Gay equality organisation Stonewall has said that prejudice in the public services can never be acceptable, after a Christian registrar convinced an employment tribunal she should have been allowed to opt out of performing civil partnerships.
“Our clear view is that no one involved in the delivery of public funded services should be permitted to pick and choose who they serve,” chief executive Ben Summerskill told PinkNews.co.uk.
“No doubt 40 years ago there would have been registrars who objected to mixed marriage, but that was as unacceptable as the prejudice demonstrated in this case.”
The tribunal ruled that Lillian Ladele was discriminated against on the grounds of her Christian faith and suffered harassment.
“It is an important case, which may have a wider impact than the dispute between the parties,” the tribunal said.
“Islington Council rightly considered the importance of the right of the gay community not to be discriminated against, but did not consider the right of Miss Ladele as a member of a religious group.”
Ms Ledele, who had worked for the council for more than 16 years, initially swapped with colleagues to avoid performing gay and lesbian ceremonies after civil partnerships became legal in 2005.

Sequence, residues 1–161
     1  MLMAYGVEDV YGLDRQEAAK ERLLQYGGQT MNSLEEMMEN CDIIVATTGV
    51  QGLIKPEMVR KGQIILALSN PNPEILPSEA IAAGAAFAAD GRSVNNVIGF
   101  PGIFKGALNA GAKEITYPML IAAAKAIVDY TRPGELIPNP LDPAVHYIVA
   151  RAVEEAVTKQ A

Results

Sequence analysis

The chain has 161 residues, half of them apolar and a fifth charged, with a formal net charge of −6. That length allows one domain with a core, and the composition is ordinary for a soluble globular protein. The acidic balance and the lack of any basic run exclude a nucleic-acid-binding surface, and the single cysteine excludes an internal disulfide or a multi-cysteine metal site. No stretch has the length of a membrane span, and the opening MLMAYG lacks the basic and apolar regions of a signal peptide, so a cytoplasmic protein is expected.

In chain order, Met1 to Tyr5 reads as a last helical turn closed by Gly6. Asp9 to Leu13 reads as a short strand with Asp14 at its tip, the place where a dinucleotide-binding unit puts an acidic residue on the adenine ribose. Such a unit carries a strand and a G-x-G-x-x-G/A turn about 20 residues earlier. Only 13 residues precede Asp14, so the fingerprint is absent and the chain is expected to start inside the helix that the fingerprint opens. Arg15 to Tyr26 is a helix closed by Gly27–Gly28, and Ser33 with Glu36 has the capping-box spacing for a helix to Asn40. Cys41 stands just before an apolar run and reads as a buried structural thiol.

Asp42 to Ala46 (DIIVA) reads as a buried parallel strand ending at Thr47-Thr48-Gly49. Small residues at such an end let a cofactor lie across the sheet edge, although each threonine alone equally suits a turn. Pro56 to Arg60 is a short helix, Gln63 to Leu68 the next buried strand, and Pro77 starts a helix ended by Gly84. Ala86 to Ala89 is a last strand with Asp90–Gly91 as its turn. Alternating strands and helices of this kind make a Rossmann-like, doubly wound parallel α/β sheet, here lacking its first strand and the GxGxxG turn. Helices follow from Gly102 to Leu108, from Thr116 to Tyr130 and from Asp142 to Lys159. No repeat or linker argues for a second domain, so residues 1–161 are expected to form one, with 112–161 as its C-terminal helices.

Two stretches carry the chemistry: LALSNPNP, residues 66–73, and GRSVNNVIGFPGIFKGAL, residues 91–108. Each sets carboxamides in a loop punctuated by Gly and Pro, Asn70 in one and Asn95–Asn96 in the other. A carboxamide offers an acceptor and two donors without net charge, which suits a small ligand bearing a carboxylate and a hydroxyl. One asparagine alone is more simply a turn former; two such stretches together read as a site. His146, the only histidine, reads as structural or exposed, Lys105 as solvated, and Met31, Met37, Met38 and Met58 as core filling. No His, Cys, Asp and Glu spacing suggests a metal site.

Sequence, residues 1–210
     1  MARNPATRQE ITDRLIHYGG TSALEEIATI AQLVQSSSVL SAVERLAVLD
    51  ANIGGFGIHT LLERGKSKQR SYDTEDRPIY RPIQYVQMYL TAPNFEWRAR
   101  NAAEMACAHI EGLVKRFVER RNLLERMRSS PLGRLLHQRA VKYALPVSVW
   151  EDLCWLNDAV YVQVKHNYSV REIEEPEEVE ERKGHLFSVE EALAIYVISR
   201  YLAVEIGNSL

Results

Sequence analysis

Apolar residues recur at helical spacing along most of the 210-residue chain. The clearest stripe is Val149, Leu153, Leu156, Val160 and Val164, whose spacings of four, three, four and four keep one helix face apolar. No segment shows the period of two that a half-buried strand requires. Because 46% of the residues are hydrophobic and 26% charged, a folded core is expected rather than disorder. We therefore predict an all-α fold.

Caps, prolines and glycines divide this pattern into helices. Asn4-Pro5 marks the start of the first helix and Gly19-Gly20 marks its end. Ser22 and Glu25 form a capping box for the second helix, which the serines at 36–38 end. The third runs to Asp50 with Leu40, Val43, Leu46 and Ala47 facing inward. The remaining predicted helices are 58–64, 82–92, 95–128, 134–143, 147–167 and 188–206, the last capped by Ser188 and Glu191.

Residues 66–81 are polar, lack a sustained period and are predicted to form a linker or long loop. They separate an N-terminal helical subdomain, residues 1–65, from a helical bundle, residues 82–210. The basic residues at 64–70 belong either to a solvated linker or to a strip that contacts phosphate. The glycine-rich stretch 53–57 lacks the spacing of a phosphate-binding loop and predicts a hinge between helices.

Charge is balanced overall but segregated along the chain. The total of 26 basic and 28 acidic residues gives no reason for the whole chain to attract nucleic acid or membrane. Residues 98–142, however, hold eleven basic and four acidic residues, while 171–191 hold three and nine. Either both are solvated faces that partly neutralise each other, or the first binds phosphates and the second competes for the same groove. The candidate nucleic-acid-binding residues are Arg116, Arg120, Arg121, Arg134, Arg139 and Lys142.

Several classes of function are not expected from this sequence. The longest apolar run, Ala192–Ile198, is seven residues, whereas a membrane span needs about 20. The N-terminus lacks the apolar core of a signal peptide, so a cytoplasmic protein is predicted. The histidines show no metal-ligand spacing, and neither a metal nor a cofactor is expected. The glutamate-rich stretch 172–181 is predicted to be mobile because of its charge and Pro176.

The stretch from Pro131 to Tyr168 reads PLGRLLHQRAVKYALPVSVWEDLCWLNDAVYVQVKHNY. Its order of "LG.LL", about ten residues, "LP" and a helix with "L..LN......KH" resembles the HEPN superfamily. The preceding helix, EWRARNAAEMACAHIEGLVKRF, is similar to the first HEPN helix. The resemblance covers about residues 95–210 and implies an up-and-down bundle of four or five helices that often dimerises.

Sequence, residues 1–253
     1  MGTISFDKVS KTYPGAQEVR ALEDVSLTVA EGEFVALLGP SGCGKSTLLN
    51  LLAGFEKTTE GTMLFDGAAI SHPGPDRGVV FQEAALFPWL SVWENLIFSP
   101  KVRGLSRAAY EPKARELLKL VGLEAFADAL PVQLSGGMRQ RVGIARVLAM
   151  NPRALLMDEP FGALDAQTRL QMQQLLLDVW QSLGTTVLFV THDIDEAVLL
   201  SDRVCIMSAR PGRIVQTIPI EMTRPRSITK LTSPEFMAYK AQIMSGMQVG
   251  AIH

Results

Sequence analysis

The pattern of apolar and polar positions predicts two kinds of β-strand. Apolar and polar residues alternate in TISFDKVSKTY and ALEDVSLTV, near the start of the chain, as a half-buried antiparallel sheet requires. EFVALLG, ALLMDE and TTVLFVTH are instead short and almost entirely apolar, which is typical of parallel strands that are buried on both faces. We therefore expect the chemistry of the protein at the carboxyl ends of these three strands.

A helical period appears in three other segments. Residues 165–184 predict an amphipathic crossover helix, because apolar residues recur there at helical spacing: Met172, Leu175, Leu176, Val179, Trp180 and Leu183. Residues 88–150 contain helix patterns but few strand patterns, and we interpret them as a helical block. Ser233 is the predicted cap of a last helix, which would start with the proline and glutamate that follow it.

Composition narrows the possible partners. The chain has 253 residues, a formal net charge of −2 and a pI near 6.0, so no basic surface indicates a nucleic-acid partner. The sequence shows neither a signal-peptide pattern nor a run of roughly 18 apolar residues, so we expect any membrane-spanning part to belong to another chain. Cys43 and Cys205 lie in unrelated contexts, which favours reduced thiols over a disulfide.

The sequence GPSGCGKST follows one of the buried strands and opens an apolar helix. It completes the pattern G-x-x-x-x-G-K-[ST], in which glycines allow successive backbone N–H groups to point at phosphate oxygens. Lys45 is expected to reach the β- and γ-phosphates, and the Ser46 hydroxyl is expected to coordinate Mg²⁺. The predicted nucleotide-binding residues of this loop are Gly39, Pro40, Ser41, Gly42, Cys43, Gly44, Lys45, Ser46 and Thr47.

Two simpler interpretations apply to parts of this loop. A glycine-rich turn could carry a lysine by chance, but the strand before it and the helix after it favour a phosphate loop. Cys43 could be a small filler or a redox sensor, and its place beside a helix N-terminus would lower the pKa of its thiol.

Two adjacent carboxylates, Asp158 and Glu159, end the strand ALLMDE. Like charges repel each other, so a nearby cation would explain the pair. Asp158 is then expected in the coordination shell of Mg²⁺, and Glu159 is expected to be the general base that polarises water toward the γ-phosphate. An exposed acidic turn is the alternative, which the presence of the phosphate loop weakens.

After formal complaints were made against her, an internal disciplinary investigation began.
Christian fundamentalist groups have claimed that this employment tribunal ruling will sets a precedent about where they can and cannot claim their religious beliefs should be taken into account at work.
It raises the possibility of innumerable Christians and others claiming they should be allowed to opt out of performing their duties because of their religious beliefs.
The tribunal said that Islington council was able to fulfil its responsibility to perform civil partnerships without insisting that all registrars carry them out.
Therefore by compelling Ms Ladele to conduct gay and lesbian ceremonies the council was guilty of indirect religious discrimination.
Councillor John Gilbert, Islington council’s executive member for Human Resources, said:
“We are now considering the judgment carefully in order to decide whether we should appeal.
“On first reading, the tribunal seems to have based its findings primarily on the fact that we could have continued to provide civil partnerships without Ms Ladele.
“The wider issue of whether councils should be able to expect employees to carry out civil partnerships doesn’t seem to have been fully addressed.
“In our view this is a crucial question that has much wider implications for local authorities and employers.
“We’d like to assure staff and service users that our commitment to services and equalities won’t be affected.”
Stonewall stressed the implications of religious opt-outs on the lives of lesbian, gay and bisexual people.
“It is clearly humiliating for a gay couple if they have an appointment with a registrar and halfway through the meeting she announces she is not going to preside over their special day because of her personal prejudice,” said Mr Summerskill.